“The PERSON in the BOOTH” is a column dedicated to the people side of tech; a column written to help churches understand the most critical element in their technical arsenal – the volunteer.
We all know that a certain investment must be made in order to produce technical excellence in any church today. However, it is not just the value of the equipment that assures this excellence. It is more importantly, the value the church places in its volunteer tech or tech team that will ultimately be responsible for producing the desired end result.
Today, churches are quickly discovering that yesterday’s sound requirements no longer apply to the listeners of today. Older churches are upgrading their sound systems to meet the demands of a more contemporary sound. New churches are being built with state-of-the-art sound equipment. Video production and image magnification systems are the latest technology to be incorporated into the church’s mission. Staged events from the simple Sunday morning skit to the fully staged Easter Pageant require sophisticated lighting and special effects. All of these technologies require an investment by the church of thousands of dollars, with six digit figures being commonplace in large new facilities.
When technical problems occur, churches will oftentimes call upon technical experts to evaluate their systems and make recommendations to correct the problem. Many times their recommended solution involves the purchase and installation of new equipment. The good news is that at today’s prices, such upgrades are more affordable than ever before. The bad news is that the solution may not be in the equipment, but in the people that are tasked to run it.
This is not to say that ALL technical problems can be simply resolved by getting the “right” people to run the equipment. However, if the person running the old equipment is ill prepared, what difference will new equipment make?
Churches today seem almost too ready to invest in new sophisticated and complex equipment, while not understanding that they need to invest more in the people that are expected to run it. In my opinion, this is the number one technical dilemma facing the church today.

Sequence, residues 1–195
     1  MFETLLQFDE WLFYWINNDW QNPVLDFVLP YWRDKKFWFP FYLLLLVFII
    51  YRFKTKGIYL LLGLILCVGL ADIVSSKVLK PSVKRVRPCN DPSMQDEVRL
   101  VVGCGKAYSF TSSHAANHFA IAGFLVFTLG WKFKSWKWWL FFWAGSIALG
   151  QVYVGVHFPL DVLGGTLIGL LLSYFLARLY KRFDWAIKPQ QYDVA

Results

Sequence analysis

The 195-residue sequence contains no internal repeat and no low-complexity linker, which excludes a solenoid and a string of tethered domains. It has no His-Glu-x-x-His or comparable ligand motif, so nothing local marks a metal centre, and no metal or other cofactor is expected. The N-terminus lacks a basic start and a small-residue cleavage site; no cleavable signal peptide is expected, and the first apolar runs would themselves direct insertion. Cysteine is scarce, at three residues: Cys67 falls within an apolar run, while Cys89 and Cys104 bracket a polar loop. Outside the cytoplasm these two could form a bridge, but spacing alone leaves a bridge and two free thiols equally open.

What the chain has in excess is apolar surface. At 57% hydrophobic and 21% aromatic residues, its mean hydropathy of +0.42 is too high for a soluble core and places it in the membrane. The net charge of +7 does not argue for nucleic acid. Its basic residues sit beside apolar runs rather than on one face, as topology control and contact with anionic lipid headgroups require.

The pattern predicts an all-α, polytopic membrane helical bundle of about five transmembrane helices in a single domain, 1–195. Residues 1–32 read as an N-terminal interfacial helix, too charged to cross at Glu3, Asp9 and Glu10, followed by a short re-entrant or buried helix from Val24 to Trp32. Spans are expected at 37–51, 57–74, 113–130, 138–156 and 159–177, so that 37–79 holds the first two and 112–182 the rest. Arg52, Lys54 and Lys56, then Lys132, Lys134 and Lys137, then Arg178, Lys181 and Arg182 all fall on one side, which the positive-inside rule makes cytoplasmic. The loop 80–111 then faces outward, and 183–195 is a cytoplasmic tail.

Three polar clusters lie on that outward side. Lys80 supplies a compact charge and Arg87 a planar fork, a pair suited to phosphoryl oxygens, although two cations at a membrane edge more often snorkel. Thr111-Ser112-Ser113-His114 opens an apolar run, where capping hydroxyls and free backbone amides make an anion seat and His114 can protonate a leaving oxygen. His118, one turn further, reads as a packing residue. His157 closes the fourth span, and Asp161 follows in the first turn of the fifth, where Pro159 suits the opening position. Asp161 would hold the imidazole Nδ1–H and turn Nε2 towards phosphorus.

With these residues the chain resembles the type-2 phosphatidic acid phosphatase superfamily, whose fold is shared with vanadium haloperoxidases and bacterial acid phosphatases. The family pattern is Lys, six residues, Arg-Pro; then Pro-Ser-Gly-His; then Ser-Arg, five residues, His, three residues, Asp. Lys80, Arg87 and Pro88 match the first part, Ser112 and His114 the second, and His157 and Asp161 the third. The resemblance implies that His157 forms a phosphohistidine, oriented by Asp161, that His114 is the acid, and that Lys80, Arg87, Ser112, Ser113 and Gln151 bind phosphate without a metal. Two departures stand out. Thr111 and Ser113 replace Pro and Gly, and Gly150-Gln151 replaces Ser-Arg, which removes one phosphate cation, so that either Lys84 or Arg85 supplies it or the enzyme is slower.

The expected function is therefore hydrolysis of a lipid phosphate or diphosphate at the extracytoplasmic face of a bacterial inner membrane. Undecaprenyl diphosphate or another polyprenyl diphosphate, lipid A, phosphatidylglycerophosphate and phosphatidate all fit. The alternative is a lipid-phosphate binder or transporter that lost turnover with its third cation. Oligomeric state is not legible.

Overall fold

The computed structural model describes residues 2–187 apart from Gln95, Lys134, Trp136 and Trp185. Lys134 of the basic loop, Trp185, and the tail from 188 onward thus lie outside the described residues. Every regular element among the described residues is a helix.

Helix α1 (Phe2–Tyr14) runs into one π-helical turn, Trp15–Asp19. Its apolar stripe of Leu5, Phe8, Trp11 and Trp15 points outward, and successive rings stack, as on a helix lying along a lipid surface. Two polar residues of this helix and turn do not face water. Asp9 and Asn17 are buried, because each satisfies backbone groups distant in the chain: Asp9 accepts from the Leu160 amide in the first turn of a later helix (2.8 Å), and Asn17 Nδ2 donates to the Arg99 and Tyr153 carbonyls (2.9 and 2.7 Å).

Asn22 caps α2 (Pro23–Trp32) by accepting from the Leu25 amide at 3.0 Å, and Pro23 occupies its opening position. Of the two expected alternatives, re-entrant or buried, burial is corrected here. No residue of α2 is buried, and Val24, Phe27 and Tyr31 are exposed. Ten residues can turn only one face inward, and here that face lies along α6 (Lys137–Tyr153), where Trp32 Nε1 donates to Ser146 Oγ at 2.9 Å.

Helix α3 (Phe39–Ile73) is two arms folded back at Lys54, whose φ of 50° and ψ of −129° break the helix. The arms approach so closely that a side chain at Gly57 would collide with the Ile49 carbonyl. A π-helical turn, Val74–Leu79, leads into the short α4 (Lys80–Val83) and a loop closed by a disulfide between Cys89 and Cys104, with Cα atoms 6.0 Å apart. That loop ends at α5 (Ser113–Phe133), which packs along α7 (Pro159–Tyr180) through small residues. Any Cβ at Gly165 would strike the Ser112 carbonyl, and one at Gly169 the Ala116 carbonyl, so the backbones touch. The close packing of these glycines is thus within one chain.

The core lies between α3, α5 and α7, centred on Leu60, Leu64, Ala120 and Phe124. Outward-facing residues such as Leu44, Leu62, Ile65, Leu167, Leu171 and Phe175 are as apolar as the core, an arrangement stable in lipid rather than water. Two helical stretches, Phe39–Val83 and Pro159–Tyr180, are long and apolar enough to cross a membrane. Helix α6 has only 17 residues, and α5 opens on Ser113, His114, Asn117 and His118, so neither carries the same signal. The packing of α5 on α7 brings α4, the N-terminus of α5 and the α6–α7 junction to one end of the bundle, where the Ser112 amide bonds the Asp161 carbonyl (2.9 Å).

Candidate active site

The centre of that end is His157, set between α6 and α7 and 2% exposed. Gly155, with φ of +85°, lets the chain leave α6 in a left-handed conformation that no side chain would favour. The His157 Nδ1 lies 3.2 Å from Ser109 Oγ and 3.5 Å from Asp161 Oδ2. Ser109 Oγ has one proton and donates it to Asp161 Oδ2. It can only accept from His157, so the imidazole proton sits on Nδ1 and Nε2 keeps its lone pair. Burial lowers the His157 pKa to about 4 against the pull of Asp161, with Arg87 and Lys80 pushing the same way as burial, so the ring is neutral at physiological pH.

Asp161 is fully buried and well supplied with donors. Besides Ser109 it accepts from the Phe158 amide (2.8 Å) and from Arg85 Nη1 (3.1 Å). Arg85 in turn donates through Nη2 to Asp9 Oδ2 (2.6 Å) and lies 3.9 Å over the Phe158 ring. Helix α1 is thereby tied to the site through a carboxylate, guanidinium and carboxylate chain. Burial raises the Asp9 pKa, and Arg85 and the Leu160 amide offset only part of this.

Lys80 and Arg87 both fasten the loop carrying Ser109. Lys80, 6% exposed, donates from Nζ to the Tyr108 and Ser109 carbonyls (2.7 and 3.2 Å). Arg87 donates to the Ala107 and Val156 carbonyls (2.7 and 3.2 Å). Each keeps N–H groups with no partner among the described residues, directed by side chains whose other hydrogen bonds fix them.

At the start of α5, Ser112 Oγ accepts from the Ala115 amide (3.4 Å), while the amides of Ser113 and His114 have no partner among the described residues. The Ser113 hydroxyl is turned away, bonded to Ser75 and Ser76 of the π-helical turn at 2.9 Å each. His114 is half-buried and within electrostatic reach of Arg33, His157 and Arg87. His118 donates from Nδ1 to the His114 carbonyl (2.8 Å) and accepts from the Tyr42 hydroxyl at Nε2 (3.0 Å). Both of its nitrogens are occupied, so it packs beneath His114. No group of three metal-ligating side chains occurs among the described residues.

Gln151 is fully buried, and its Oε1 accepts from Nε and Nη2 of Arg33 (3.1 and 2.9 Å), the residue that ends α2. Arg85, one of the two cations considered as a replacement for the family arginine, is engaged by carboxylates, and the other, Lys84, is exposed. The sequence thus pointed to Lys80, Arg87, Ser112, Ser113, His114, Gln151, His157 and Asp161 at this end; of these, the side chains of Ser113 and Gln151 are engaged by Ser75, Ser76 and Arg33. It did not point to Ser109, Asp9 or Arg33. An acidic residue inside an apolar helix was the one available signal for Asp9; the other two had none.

The need for qualified people to operate the equipment is the same for a small church with a basic sound system, as it is for a large church with complex sound, lighting, video production, and graphic presentation systems. Simply stated, the buck stops with “the person in the booth.” To illustrate my point: The most sophisticated, well-designed sound system can sound like it was installed in a phone booth with the wrong person running it. And in most cases, it is not the fault of the person at the console. I have never met a sound console operator who intentionally set out to produce bad sound, or for that matter, feedback.
So what is the solution? First, invest in the personS then in the equipment. If the person has the personal tools (i.e. ability to hear, in the case of the sound tech, and an understanding of technical stuff), with the proper support, he or she will be successful.
It is to the person in the booth and all those techs outside the booth as well that this column is dedicated. Topics in future months will include everything from recruiting the individual volunteer to building and maintaining a strong team. If you have specific topics you would like me to cover, please contact me through the magazine or my web site.
My personal desire is that you will find this column beneficial and informative. I hope that it will assist you in building and maintaining a tech team full of dedicated, committed people who will use their technical abilities to represent your church with technical excellence, and more importantly- to the GLORY OF GOD.